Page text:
One of the more famous Steve Komphela quotes could suggest that there are too many bathroom cubicles at Mamelodi Sundowns, following a major overhaul in the coaching department.
The former Bafana captain was confirmed as the latest member of the technical staff at the domestic treble winners, following long-time head coach Pitso Mosimane’s recent departure.
He will report to the club’s duo of joint head coaches, Manqoba Mngqithi and Rhulani Mokwena as first-team senior coach.
Famous Steve Komphela quotes
With three high-profile mentors pulling strings at Chloorkop, one of the former Golden Arrows boss’ famous gems behind the mic springs to mind.
Causing a stink
During his time at Maritzburg United, Komphela delivered one of his best quotes, comparing coaches to ablution facilities.
“We are the biggest toilet in the world. Whenever we want to relieve ourselves, it’s easier to get rid of the coach.”
During one of his famous interviews, match officials also did not come out smelling like roses.
“It (refereeing standards) is purely rubbish and if you go through the rubbish then you will come out stinking. It is discouraging,” he said.
On victory and orphans
Neutrals will be saddened by the fact that his new role means he will not have much of an opportunity to front up to the media, but many will hope he gets due credit for whatever success the club manages to achieve.
“Victory has many fathers but defeat is an orphan. If you have flour it doesn’t mean you have cake, you need ingredients.”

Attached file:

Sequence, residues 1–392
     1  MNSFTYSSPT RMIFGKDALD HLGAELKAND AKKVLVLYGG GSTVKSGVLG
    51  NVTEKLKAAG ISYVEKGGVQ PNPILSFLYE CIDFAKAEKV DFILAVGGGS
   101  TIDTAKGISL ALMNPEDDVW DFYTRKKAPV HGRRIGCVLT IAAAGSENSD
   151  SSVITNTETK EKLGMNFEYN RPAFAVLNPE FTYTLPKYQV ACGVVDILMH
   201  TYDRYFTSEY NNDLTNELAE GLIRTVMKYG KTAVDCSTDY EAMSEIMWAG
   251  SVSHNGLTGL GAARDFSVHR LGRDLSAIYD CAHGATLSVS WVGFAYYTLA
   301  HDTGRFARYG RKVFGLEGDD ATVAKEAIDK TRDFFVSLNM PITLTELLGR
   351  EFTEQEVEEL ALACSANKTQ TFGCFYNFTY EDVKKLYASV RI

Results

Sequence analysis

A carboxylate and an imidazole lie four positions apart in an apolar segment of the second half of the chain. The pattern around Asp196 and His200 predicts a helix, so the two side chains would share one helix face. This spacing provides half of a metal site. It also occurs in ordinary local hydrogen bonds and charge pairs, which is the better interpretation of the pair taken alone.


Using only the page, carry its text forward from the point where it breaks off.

Big fish in the sea
He has now joined the most successful club in the PSL era, a club he once described as a “great white shark”, due to its financial muscle.
“The PSL has rough seas and there are plenty of sharks, teams with strong financial muscle. We have already gone through two dangerous sharks. And on Saturday we face the Great White Shark. It will be very difficult, one has to acknowledge their strength but we confidently move to Saturday hoping that by the end of the match we will be smiling.”
Explaining why he is not the easiest person to understand, Komphela once compared himself to Jesus Christ.
In the olden days when Jesus Christ went through his lessons, he was never specific in his references, he would always use symbols, because whenever a symbol is used in a process where something has to be rectified none of us gets consumed. If I were to refer to someone and say, ‘Mfowethu umnyama (my brother, you are so dark)’ I would put it like that because I am, but if I were not, I would put it in a way that has respect in what I am saying.”